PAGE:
Kerala News (India) reported on the inclusion in a major American textbook of a cultural anthropology study of a tribal school program in eastern India. The author, Christine Finnan, professor of anthropology at Charleston College, did fieldwork and wrote about the Kalinga Institute of Social Sciences (KISS) which, according to its website, is a free, residential home for over 25,000 indigenous children who are provided education from kindergarten to post graduation as well as vocational and life skill empowerment to overcome poverty and injustice. Finnan conducted interviews with students between the ages of 9 and 15 at KISS and at government day schools in the state of Odisha. The Kerala Times article comments: “This is a matter of pride for India, Odisha and KISS as well as entire Indian tribal community.” Finnans’ (and co-authors’) findings are published in the journal Global Studies of Childhood.
deportation fear in graduate students
An article on AlterNet described the growing fear of deportation among international graduate students at Washington University in St. Louis related to the movement to unionize graduate student workers. The article quotes Bret Gustafson, associate professor of anthropology at Washington University, who says that the university’s stance on unionization is an effect of its corporatization in recent years: “This university like most universities has turned into a corporation…they have some really high-paid lawyers that fight unions…When I read [the provost’s statement], and it said they were threatening foreign students with deportation, I couldn’t believe it, but in fact, if you look at the document, that is what they are doing.” Gustafson has received emails from his department forbidding faculty from inquiring into students’ “union sympathies.”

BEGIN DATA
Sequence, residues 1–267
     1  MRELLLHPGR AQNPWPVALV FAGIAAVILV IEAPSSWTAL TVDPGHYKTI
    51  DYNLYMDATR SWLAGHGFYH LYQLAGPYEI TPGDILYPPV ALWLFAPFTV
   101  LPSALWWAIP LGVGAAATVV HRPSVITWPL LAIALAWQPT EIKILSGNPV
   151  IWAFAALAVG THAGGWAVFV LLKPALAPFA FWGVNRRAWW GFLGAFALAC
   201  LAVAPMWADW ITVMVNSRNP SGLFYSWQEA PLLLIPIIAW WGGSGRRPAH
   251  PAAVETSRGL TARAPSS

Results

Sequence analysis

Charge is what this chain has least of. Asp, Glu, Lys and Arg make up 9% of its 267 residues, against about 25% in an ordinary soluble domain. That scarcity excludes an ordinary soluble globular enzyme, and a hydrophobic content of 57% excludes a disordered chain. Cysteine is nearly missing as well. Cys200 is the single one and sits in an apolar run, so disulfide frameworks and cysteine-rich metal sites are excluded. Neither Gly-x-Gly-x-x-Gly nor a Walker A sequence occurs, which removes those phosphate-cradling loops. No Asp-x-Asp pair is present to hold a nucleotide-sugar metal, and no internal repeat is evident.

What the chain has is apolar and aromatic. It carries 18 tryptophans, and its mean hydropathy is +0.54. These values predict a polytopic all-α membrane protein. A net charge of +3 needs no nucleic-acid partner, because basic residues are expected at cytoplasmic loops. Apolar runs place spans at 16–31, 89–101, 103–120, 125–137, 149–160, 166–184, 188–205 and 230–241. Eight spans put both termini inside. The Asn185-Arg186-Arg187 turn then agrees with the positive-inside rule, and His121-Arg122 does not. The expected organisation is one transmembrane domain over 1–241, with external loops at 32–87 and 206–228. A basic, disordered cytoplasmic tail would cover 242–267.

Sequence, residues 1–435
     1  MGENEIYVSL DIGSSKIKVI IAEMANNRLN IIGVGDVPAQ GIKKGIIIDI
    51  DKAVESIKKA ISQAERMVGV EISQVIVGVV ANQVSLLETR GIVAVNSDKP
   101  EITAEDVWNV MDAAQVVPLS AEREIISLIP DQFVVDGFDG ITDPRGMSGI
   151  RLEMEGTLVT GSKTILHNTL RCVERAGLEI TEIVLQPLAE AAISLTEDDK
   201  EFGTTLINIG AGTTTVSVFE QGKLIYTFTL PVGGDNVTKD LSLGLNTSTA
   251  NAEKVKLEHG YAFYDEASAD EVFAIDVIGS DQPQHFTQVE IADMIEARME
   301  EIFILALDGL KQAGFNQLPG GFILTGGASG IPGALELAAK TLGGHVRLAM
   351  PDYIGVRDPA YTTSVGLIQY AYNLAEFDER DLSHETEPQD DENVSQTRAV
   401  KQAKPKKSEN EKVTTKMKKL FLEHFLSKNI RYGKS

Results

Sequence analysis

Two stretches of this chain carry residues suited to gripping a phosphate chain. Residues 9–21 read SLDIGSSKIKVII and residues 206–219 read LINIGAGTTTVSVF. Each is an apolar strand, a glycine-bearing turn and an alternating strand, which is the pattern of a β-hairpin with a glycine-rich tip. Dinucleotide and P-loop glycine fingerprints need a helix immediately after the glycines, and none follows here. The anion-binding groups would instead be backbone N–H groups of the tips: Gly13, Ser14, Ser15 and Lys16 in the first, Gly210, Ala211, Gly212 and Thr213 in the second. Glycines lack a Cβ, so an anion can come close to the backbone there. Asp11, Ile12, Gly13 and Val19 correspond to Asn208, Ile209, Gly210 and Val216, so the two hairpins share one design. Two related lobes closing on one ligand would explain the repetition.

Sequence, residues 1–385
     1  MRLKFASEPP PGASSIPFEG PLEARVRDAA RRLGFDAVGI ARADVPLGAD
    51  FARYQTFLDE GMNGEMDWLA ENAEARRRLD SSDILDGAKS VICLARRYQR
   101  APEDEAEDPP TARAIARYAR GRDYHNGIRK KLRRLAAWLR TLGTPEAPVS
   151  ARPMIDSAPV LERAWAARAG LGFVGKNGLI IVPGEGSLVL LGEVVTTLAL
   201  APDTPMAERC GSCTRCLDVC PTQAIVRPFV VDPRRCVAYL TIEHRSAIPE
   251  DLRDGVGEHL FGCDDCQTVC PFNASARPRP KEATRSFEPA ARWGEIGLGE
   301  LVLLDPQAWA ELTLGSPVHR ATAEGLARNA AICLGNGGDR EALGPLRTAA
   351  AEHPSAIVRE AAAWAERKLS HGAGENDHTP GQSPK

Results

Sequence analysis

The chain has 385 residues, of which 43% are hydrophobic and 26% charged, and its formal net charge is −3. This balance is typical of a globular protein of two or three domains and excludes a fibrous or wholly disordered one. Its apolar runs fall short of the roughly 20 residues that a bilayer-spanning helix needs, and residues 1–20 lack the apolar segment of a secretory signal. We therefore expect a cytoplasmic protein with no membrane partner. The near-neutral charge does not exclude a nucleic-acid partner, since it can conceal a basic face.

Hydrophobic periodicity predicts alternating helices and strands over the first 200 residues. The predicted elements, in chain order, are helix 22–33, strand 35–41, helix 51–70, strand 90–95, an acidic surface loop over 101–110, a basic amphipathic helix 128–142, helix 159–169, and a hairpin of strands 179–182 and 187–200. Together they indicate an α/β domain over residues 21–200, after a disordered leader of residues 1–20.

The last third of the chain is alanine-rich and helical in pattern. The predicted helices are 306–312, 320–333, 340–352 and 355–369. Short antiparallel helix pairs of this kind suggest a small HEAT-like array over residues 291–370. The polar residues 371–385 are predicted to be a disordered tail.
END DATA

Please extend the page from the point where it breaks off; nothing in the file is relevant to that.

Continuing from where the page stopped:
take that anthro degree and…
…work in office administration. Maria Therese Antonetti is an office administrator with Universal Underground Utility Contractors in Auburn, Georgia. She develops upcoming project estimates and bids, prepares project invoices and accounts payable ledgers, manages internal databases for project evaluation and inventory; and controls payroll, 401(k) contribution reports, and employee benefits enrollment. In this position, she builds relationships with local governments through business management and civic engineering. Antonetti has a B.A. in anthropology from the University of Georgia and is working toward a Certificate in nonprofit management and leadership at the University of Georgia.
wide-ranging Dene people
CBC News (Canada) carried an article about the second Dene Migration Symposium hosted by the Tsuut’ina Nation, a Dene community near Calgary, Canada, in September. One subject discussed at the conference was the history of the Dene people. The article mentions the work of John Ives, professor of anthropology at the University of Alberta in Edmonton and executive director of its Institute of Prairie Archaeology, as central to the understanding of Dene history. He is quoted as saying: “Dene speakers go from the North slope of Alaska all the way to northern Mexico,” Ives said. “It’s one of the most remarkable language family distributions in the New World — it’s probably the largest.” Also noted is the research of Todd Kristensen, a Ph.D. candidate in archaeology at the University of Alberta and a regional archaeologist for Alberta’s Archeological Survey. He is tracking the spread of raw materials and stone tools made from them across North America to learn about the origins and movement of Northern Dene. His findings confirm that the pre-contact Dene travelled and traded widely.